While many people are optimistic that there is a light at the end of the Covid-19 tunnel, the reality is that the economy is still in the tunnel. And while some aspects of life are returning to a pre-pandemic status, commercial real estate is not one of them.
In this edition of Suite Talk, Senior Enterprise Editor Phil Hall speaks with Robert Withers, president and CEO of M1 Capital Corp. in White Plains, on the challenges that continue to impact the commercial property sector.
We last visited with you in June 2020 for our YouTube Video Conversation series. How has the state of the commercial property evolved since that time?
“It depends on the asset class. If you’re talking about valuations, all of them have seen some impact that can range anywhere between 15% or 20% all the way to 40%.
“Multifamily and office fared the best and are the least impacted, and industrial has done well. But the small mom-and-pop, commercial mixed-use properties — maybe it’s some apartments over two or three retail units — have found themselves in trouble, along with the smaller strip centers and even some of the larger shopping centers due to issues that were already there but were exacerbated by the virus.
“I think over the next six months to eighteen months there’s going to be some pain in the core asset classes, and that probably has a lot to do with lenders taking very defensive positions. Rent collections are not really going back to normal anytime soon — and how many times can you issue a forbearance? Some of these larger landlords have two or three forbearances that they have worked on, and sooner or later the bill comes due. Forbearances really don’t do anything but kick the can down the block.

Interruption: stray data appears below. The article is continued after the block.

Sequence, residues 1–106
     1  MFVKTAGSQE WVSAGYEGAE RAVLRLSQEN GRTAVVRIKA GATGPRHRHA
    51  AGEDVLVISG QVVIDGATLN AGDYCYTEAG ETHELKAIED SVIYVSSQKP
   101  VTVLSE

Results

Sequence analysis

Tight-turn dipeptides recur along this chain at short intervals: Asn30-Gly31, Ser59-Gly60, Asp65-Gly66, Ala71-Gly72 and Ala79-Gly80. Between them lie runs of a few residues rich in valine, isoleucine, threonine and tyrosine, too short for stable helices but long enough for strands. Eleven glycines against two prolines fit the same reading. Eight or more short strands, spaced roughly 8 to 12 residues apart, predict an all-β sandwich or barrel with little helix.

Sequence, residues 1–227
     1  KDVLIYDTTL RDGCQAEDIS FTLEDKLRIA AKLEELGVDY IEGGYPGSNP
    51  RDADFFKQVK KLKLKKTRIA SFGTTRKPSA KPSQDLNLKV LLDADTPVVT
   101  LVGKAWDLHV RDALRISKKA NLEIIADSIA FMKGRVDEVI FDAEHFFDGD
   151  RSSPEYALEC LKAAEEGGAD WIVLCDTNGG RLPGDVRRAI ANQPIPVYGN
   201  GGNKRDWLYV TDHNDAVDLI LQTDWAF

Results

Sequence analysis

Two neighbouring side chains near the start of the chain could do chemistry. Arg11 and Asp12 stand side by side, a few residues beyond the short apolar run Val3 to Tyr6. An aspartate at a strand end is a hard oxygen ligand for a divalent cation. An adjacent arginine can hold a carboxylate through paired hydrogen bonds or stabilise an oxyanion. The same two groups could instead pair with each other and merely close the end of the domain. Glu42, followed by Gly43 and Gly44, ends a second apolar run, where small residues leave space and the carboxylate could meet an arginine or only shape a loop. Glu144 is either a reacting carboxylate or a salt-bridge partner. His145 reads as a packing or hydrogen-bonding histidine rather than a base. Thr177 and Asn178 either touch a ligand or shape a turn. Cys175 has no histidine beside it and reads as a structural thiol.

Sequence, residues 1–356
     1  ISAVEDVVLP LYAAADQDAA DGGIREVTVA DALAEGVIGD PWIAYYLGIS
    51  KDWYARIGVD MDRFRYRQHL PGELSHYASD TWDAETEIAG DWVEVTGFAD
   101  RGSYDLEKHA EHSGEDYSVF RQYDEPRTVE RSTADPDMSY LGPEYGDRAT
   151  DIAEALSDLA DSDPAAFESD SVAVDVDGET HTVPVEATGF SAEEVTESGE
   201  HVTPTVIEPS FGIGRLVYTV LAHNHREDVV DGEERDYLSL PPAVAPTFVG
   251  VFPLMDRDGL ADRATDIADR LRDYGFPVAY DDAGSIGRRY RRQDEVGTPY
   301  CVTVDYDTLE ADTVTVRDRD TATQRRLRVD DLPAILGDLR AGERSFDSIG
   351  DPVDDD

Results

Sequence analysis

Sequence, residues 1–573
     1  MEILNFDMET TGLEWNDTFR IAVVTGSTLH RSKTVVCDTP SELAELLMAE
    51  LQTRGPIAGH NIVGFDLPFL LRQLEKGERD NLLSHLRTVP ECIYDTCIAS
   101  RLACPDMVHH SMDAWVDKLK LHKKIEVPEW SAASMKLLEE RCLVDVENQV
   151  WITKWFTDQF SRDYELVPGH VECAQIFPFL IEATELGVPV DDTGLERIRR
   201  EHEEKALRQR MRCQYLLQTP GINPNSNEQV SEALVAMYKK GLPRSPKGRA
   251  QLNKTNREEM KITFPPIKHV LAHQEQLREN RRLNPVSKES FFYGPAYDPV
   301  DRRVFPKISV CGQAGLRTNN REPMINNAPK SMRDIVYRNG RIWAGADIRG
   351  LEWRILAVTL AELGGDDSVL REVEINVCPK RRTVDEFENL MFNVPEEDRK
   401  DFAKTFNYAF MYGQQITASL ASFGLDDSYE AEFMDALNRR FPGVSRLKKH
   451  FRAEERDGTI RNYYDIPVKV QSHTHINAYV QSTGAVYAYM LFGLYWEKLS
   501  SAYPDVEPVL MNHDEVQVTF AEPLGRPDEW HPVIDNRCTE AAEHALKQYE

“What you’re going to need to see is a reworking of a lot of these mortgages. Whether or not they’re institutional or conventional mortgages, they’re going to have to be modified.”
For commercial property owners who are either in default or nearing default to a lender and need a way to get funding to help them out, what are the best options available?
“If you’re having an issue with your commercial mortgage bill, you need to modify it. Usually, what’s best to work with an intermediary, either a company like ours or an attorney who ‘speaks bank.’ The modification can come in several ways.
“Part of the process involves repositioning, and a lot of commercial landlords are going to find themselves with properties that no longer work with the current tenancy or the current purpose; the property is just not going to work as a restaurant or a bodega or whatever it is. They have to reposition it and work with a lender to create a better opportunity for themselves with the property if they want to hold on to it.
“For example, maybe a small strip center that has five or six retail stores is no longer anchored by a strong tenant — maybe you want to raze it and create office or multifamily. I’ve seen that deployed down in Florida where small motels don’t work anymore and they’re being reconfigured into apartments.”
What about refinancing? Are commercial property owners finding it easy to refinance their mortgages?
“The fundamentals of the property have to be strong. If your property has a restaurant or any sort of retail component that depends on traffic coming in and out of your business, there’s going to be intense scrutiny put on that lease.
“Lenders are diving into the metrics into the business fundamentals of the tenants like I’ve never seen before. They have to understand what is going to be there and if the tenants can continue to be able to pay the rent so that the owner can pay the mortgage.”
Is credit readily available today for commercial property borrowers?
“Credit is not getting looser, it’s getting tighter. Banks are in business to be able to make loans, but they’re more cautious. They’re lending at a lower loan-to-value instead of 75% leverage — they may consider a 65% or 70% leverage.
“I don’t see credit loosening up anytime later this year due to the fallout and the repercussions of what we’re going through now. That is going to be felt for a while. I think there’s money available, but it’s not aggressive and it’s going to be well into 2022 until you start seeing banks return to normal, whatever that is.”
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